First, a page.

So here’s an example of how you will “train” the car’s brain. First you will simply drive the car normally by yourself, but keep collecting the input data from sensors and cameras etc. There is also equipment which measures, for each millisecond of data, the steering angle and throttle pressure etc that you made while driving. Then once you get back home, you can start ‘training’ the ANN on all that data you collected while driving. The ANN will update its cheat code to take your computer vision input and try to mimic your driving decisions as closely as possible. This is known as behavioural cloning, and it is what most car companies are doing nowadays — collecting driving data, and making their cars ‘practice’. After every training trip, the car will become better and better at making decisions.
Everything else being similar, driving data is the biggest winning factor in the race to develop self-driving cars.
Now — you know what “Deep Learning” is, and what it does. You know what deep neural networks are (= ANNs), and how they work (weights = cheat codes, backpropagation = adjusting the weights based on a given example test). You also know that you should have a large and balanced dataset so that the network doesn’t overfit (get lazy or too smart in setting its cheat codes).
Congratulations! I kid you not, this is more of an achievement than you think!
Remember this scene from The Terminator?
Schwarzenegger enters a bar naked, and looks for someone to take clothes from. This must be what comes to your mind when you think “computer vision”, and you are partially right.
Self driving cars can also see the world like that, but they are still nowhere near the sophistication you can see there. The major purpose of computer vision techniques is to process the camera images to detect lane lines, track other vehicles and pedestrians, look for any bumps or holes in the road, measure the distance between the car and other objects etc.
There’s no one technique or underlying technology for computer vision — rather, often it comes down to simple image processing. You are limited only by your imagination and ability to design complex algorithms, and if you’re good at geometry that is another plus. For example, a popular way of processing the camera images involves looking at how quickly the colors change in horizontal and vertical directions. That is called a “gradient” and it can be used to find edges. Here’s an example:
These are all created by using simple techniques using a popular library of computer vision functions, called OpenCV. You should know about OpenCV, because it is the most popular library for this purpose. Every robotics or deep learning guy knows about it.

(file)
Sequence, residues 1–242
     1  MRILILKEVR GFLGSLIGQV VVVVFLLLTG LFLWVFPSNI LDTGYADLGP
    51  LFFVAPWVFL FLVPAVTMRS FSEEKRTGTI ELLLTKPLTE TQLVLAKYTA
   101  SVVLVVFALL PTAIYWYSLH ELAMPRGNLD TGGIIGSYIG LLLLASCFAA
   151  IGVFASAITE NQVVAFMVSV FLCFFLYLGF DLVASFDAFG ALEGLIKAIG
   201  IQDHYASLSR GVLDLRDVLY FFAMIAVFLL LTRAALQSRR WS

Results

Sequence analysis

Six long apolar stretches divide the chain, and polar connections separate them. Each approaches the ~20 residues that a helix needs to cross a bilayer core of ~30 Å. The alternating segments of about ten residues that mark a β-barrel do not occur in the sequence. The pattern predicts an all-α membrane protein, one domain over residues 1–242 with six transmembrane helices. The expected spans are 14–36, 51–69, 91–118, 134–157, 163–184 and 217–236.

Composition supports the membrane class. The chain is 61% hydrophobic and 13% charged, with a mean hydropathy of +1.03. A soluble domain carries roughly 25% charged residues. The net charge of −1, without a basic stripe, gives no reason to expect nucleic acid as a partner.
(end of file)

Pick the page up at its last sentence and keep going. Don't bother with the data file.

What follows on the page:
Taking the above example further, the images you see are simply a representation of ones and zeros on a rectangle. The ones are white, and the zeros are black! You can select the pixels in any one region of the picture and play around with it. This is how I detected lane lines and came up with my project output as seen at the beginning of this blog post.
Another common technique used in computer vision to detect objects is called stereo vision. Don’t be thrown off by the seemingly complex name, stereo vision simply means looking at something with more than one eye (you do it all the time). When you see something with two eyes, you have a better estimate of how far it is and what shape it has. Similarly, cars use more than one camera on either side and combine the images to see the world more realistically.
What about adverse conditions like snow, rain, etc when it’s difficult to see the road? Well, let’s not forget that the other two sensors (radar and lasers). Even when any two sensors don’t work so well, the system is designed such that third one should still be quite reliable (but it’s an ongoing field of research and we’re not perfect yet). Moreover, if the car’s neural networks have already been trained to drive in such conditions, the car should have some idea of how to make decisions. Again, as I said earlier, the foremost priority is about collecting enough data. The more you train, the better the car gets. Period.
I won’t go into more detail about computer vision, as it is a very broad field. Just know that it’s not sci-fi, and there’s nothing “magical” about it. It’s just about using your imagination to play with images. There are other techniques, which you can read about in this very short and simple page:
(Printable) In this slide show, learn about some of the world's largest and most ambitious darpa detection experiments.www.pbs.org
Robotics and Navigation
Actually, I’m not going to spend too much time here. Robotics is pretty straightforward (you don’t need fancy imagination to understand what happens)— you basically need to know about something called an actuator.
An actuator is a device which takes an electrical signal as input, and converts it into a physical action. It’s not too complicated, often it just has a motor inside it that rotates by a certain angle based on the value of the signal it receives. Actuators come in all shapes and sizes, there will be one in the steering wheel, one for the throttle, brakes, gears, the engine etc. You get the idea.
For Navigation, apart from the GPS/maps/computer vision technologies, you should also know about a really cool technique called “dead reckoning”. It involves calculating your current position based on your speed and distance travelled and knowing the history of all the turns you made up until the present moment, etc. You remember the sucky Sherlock Holmes movie with Robert Downey Jr? There’s a scene in which he gets kidnapped and taken inside a horse carriage and blindfolded, but after they arrive at the destination he magically knows exactly where he is. Do watch the first few minutes of this scene and you’ll understand what “dead reckoning” is. The system works pretty much like Sherlock Holmes.
Alright! Now you know should have a very good idea about how self-driving cars work. Here is what we have learned:
- Deep Learning — cheat codes, balancing the training data, overfitting and other issues, why deep learning is a “black box” etc.
- Computer vision — camera, radar and lidar sensors, stereo vision, how you can process images creatively to extract many different kinds of information, there’s a popular programming library called OpenCV.
- Robotics — what actuators are.
- Navigation — you learned that apart from the GPS and stored maps etc, cars use a Sherlock Holmes -style technology called “dead reckoning”.
So… do you feel more dangerous and awesome now than 20 minutes ago? :)
If yes, let me know and I’ll go to sleep feeling good about helping someone.
You might also find my other essays useful: